Author: A.S. King
Genre: Contemporary, Young Adult
Publisher: Little, Brown
Publication Date: October 22 2013
Hardcover: 368 Pages
Gerald Faust knows exactly when he started feeling angry: the day his mother invited a reality television crew into his five-year-old life. Twelve years later, he’s still haunted by his rage-filled youth—which the entire world got to watch from every imaginable angle—and his anger issues have resulted in violent outbursts, zero friends, and clueless adults dumping him in the special education room at school.
Nothing is ever going to change. No one cares that he’s tried to learn to control himself, and the girl he likes has no idea who he really is. Everyone’s just waiting for him to snap…and he’s starting to feel dangerously close to doing just that.
In this fearless portrayal of a boy on the edge, highly acclaimed Printz Honor author A.S. King explores the desperate reality of a former child “star” who finally breaks free of his anger by creating possibilities he never knew he deserved.
Stand alone or series: Stand alone
How did I get this book: ARC from the Publisher (via BEA)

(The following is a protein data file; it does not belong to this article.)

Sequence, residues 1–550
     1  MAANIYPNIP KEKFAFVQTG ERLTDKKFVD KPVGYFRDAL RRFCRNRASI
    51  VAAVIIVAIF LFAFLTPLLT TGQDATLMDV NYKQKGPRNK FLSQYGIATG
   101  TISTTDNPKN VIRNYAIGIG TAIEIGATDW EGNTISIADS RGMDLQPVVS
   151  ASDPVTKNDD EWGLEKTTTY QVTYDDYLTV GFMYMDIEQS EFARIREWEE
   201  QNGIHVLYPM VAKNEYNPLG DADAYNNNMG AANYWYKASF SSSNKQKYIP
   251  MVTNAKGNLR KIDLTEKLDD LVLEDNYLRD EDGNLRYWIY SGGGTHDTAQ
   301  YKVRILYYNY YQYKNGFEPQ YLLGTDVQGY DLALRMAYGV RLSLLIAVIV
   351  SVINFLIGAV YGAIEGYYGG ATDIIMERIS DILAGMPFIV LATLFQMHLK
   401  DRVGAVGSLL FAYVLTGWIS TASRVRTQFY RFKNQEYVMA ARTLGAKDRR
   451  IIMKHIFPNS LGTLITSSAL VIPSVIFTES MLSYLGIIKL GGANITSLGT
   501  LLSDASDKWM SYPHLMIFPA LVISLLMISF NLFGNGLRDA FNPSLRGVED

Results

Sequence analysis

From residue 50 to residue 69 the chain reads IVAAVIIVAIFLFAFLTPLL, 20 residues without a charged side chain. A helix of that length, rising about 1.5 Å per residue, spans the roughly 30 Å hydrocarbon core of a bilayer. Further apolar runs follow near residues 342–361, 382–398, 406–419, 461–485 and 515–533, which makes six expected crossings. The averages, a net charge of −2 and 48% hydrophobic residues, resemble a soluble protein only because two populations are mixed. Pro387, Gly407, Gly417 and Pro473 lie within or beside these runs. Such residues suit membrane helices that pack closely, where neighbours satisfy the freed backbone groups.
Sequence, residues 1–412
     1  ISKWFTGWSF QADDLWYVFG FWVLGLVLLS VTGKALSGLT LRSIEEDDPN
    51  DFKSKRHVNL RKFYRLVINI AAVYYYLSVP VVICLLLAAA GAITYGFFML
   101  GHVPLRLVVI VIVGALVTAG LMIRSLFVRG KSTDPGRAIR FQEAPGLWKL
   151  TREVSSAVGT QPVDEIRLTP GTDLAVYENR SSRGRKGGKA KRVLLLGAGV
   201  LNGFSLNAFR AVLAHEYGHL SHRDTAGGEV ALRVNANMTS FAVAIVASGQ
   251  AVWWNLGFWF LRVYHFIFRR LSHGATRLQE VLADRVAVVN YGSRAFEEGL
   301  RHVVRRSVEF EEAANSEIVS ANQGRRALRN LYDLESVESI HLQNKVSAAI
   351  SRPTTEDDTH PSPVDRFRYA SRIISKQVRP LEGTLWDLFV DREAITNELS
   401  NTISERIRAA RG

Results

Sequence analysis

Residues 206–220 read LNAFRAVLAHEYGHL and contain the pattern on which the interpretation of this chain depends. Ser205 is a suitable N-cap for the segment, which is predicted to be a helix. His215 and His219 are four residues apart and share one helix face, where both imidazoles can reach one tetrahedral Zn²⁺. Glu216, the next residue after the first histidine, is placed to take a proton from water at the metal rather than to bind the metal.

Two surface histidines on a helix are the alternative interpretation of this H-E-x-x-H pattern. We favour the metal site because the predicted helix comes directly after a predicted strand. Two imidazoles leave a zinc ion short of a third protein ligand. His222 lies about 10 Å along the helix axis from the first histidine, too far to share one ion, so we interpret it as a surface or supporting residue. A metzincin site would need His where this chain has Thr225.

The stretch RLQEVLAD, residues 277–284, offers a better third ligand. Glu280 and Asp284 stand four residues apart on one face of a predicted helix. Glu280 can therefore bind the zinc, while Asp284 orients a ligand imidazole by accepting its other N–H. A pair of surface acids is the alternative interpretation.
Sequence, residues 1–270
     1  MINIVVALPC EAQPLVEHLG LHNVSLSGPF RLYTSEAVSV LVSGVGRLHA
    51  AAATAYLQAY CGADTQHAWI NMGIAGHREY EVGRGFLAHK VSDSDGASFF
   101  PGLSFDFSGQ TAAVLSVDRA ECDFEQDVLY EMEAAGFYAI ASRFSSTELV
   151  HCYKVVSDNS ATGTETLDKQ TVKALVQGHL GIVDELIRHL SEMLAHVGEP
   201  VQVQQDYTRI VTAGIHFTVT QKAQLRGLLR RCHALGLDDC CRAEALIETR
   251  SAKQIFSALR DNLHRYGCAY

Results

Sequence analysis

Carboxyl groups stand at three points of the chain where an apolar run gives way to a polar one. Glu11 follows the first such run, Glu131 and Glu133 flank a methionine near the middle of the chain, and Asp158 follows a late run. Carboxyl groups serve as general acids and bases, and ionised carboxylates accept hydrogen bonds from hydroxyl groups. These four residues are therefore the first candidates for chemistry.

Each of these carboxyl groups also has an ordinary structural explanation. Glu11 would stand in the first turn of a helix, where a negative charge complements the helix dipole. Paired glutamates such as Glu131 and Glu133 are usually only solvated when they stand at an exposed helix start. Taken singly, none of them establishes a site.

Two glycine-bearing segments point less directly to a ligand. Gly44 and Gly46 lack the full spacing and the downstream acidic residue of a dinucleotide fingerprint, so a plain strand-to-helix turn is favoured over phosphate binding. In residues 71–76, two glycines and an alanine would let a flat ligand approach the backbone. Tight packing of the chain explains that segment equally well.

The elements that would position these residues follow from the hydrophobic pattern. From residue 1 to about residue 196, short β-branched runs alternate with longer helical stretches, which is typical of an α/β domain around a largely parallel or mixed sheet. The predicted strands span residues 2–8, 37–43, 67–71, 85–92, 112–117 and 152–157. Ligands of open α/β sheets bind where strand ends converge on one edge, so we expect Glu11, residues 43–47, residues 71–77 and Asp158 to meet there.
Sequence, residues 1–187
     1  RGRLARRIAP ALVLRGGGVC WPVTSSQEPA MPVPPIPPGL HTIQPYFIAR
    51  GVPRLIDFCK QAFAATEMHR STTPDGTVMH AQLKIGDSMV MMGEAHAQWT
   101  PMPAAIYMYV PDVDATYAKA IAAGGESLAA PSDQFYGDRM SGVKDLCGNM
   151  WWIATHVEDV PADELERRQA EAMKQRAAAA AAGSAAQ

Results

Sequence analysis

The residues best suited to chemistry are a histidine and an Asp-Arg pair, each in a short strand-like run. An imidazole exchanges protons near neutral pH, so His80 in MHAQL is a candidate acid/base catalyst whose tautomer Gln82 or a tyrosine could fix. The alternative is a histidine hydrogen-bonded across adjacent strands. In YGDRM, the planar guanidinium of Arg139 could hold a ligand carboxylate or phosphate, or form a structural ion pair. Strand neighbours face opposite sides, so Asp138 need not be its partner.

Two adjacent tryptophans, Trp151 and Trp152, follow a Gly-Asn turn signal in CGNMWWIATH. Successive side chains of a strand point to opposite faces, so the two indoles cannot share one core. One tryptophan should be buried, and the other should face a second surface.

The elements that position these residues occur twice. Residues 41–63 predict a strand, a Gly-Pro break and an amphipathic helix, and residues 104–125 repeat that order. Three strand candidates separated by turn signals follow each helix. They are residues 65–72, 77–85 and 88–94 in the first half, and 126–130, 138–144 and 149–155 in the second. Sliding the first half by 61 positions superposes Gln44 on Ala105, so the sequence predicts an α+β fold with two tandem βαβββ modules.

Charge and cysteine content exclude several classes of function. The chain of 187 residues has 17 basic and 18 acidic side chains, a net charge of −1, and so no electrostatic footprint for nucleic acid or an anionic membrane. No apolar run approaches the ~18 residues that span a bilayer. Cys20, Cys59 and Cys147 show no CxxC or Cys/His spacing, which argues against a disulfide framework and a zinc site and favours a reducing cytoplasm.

Format (e- or p-): Print
Gerald Faust is angry. It seems like he has always been angry. When he was five years old his anger and misbehaviour led his mother to sign up for the reality show that ruined his life by making him angrier and in front of the entire world too.
Now, twelve years later, he is still angry. His first reaction to anything and everything, especially toward his older sister, is the need to punch and to hurt. With the help of his anger management coach he has learnt to control some of his anger but there is a clock ticking over his head. Everybody – including Gerald himself – seem to think that he is bound for jail. There are zero expectations that he could ever make it to college, he has no support at home, and no real friends. There is nothing else for Gerald but to maintain his self discipline and to carry on until the inevitable happens.